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We use svn version 1.5.1 (r32289) at work, I've got version 1.6.6 (r40053) on my OS X machine. I'm using sshfs to mount a directory on our development server, where I thought I could use svn from my machine to "save" another connection to dev server. But, anytime I touch the repository with svn 1.6.6 (even svn up), I (and my colleagues) get the following error when trying to handle svn from development/live machine:

svn: This client is too old to work with working copy '.'. You need to get a newer Subversion client, or to downgrade this working copy. See http://subversion.tigris.org/faq.html#working-copy-format-change for details.

Using script provided on the page mentioned in error message fixes the problem, but:

Is there a way to specify format that svn should use/force when handling a repository?

I'm fine with creating alias for svn commands (in the case I'd need to add a parameter to every svn command).

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1 Answer 1

up vote 2 down vote accepted

First off, hopefully you are not using the file:// protocol to do this: Choosing a Server Configuration: Recommendations.

The other thing to pay attention to is that the working copy format will often change between 1.X versions (but not 1.X.Y versions).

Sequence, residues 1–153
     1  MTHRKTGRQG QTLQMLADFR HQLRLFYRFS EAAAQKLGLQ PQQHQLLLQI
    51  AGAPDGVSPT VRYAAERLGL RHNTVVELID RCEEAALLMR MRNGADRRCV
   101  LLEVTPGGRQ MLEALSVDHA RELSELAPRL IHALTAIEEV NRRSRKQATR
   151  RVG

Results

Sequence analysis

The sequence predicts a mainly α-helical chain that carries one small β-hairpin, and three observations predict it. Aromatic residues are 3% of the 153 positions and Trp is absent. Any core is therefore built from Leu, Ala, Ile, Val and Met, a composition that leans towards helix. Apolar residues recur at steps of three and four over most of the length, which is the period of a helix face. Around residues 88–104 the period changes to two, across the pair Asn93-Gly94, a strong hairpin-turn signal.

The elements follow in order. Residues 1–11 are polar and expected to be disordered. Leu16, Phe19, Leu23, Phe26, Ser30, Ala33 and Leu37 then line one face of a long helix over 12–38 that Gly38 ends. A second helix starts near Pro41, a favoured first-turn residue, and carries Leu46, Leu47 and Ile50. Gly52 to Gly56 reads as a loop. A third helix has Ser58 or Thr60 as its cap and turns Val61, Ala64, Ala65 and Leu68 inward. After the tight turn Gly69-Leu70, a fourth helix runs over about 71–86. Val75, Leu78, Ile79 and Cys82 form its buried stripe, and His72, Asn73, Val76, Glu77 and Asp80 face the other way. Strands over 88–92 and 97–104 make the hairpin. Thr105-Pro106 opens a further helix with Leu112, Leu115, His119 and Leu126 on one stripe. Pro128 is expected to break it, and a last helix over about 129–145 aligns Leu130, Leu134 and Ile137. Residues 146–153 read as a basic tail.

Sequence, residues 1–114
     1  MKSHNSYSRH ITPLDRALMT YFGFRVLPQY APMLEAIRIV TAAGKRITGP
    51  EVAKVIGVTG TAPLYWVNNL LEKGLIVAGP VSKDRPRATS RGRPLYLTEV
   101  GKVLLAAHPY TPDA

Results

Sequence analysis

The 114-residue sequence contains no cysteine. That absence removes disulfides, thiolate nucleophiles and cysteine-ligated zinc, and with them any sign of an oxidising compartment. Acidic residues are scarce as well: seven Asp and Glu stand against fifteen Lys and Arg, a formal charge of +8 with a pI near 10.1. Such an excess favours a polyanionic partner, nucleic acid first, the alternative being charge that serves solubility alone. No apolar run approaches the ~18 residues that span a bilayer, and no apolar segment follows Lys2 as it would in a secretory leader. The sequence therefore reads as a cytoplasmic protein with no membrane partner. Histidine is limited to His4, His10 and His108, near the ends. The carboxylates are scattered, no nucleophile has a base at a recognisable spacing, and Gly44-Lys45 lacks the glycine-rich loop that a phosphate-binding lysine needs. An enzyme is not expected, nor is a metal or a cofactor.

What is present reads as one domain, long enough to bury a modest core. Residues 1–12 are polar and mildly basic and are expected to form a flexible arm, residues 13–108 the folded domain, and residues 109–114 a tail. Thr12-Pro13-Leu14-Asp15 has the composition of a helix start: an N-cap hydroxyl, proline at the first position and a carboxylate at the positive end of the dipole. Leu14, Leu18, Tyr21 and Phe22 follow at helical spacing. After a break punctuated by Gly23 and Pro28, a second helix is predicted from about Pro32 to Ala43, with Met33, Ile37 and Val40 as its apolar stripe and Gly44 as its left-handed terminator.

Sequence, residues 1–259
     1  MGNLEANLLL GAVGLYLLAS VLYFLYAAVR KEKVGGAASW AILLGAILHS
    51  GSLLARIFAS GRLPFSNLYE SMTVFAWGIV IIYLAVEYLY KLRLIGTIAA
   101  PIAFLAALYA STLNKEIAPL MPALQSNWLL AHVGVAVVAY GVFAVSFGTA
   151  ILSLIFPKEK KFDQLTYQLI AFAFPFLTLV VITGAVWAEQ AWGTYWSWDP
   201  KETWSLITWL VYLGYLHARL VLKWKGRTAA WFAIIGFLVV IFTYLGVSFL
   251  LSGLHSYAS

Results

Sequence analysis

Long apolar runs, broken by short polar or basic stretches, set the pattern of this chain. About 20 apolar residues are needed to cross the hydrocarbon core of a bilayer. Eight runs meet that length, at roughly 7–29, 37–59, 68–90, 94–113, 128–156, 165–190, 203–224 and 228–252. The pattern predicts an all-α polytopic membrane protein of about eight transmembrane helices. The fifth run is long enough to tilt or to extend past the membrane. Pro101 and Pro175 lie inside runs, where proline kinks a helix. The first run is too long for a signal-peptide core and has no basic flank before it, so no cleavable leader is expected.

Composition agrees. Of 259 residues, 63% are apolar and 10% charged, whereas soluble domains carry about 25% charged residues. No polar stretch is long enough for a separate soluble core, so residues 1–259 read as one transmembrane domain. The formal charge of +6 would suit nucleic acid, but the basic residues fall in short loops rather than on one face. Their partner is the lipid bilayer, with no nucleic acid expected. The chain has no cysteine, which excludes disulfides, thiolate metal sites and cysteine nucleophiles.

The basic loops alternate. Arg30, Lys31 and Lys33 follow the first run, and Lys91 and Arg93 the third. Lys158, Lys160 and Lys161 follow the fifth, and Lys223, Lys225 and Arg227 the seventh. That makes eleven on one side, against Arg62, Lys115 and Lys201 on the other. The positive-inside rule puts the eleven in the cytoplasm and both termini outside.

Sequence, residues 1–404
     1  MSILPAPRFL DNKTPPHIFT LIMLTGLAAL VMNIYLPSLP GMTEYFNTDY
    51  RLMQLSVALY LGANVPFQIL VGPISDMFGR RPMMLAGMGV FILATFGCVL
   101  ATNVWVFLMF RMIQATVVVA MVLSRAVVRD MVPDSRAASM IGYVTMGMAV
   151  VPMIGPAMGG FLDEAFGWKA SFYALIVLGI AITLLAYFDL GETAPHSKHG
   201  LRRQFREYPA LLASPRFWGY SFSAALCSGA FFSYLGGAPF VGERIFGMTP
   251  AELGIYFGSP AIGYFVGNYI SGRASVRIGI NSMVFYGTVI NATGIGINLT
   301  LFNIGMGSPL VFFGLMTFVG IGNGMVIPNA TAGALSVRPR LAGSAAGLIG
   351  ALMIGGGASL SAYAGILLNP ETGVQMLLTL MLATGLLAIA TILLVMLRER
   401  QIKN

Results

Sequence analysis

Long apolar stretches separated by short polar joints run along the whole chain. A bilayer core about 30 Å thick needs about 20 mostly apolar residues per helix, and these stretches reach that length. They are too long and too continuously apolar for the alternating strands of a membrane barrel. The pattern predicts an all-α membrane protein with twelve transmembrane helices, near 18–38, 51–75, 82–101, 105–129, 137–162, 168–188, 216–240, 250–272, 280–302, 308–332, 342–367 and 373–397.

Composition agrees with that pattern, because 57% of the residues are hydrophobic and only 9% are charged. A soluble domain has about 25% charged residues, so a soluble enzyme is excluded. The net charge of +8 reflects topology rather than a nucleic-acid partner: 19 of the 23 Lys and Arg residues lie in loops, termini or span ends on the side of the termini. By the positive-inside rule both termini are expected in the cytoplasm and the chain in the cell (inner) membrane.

Once you have used a newer SVN tool that updates the working copy, you need to update all of your client tools to be using the same SVN version (or run the script to down-convert after each newer tool access).

You can use newer client versions while still using an older SVN database format (though not sure how that plays out when using file://?).

So to answer your question Is there a way to specify format that svn should use/force when handling a repository?

It is not the repository that is the problem, but the working copy. If possible, just update the clients at work. Otherwise, stop using 1.6.6 clients anywhere else.

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Thank you for answer and recommendations. –  Martin Tóth Aug 1 '11 at 13:01
And no, we're not using file:/// protocol... I didn't even knew one could/would :) –  Martin Tóth Aug 1 '11 at 13:03

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